# Transitive closure of infinite graphs and its applications

## Abstract

Integer tuple relations can concisely summarize many types of information gathered from analysis of scientific codes. For example they can be used to precisely describe which iterations of a statement are data dependent of which other iterations. It is generally not possible to represent these tuple relations by enumerating the related pairs of tuples. For example, it is impossible to enumerate the related pairs of tuples in the relation {[i] → [i+2] ¦ 1 < -i ≤ n − 2 }. Even when it is possible to enumerate the related pairs of tuples, such as for the relation {[i, j] → [i′, j′] ¦ 1 ≤ i,j,i′,j′ ≤ 100 }, it is often not practical to do so. We instead use a closed form description by specifying a predicate consisting of affine constraints on the related pairs of tuples. As we just saw, these affine constraints can be parameterized, so what we are really describing are infinite families of relations (or graphs). Many of our applications of tuple relations rely heavily on an operation called transitive closure. Computing the transitive closure of these “infinite graphs” is very different from the traditional problem of computing the transitive closure of a graph whose edges can be enumerated. For example, the transitive closure of the first relation above is the relation {[ti] → [i′] ¦ ∃β s.t. i′ − ti = 2β ∧ 1 ≤ i ≤ i′ ≤ n }. As we will prove, transitive closure is not computable in the general case. We have developed algorithms that produce exact results in most commonly occurring cases and produce upper or lower bounds (as necessary) in the other cases. This paper will describe our algorithms for computing transitive closure and some of its applications such as determining which interprocessor synchronizations are redundant.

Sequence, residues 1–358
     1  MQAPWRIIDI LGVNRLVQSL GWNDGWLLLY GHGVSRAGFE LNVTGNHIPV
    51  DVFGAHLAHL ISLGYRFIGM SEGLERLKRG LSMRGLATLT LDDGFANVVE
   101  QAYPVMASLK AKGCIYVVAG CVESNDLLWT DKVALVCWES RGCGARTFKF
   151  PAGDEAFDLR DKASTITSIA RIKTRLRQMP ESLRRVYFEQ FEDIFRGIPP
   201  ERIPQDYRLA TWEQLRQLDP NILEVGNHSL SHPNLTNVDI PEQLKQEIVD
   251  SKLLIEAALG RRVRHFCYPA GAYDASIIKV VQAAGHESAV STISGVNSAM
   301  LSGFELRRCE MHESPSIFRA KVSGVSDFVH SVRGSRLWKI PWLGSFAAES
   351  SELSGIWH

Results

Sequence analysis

## Keywords

Transitive Closure Iteration Space Nest Loop Related Pair Loop Body## Preview

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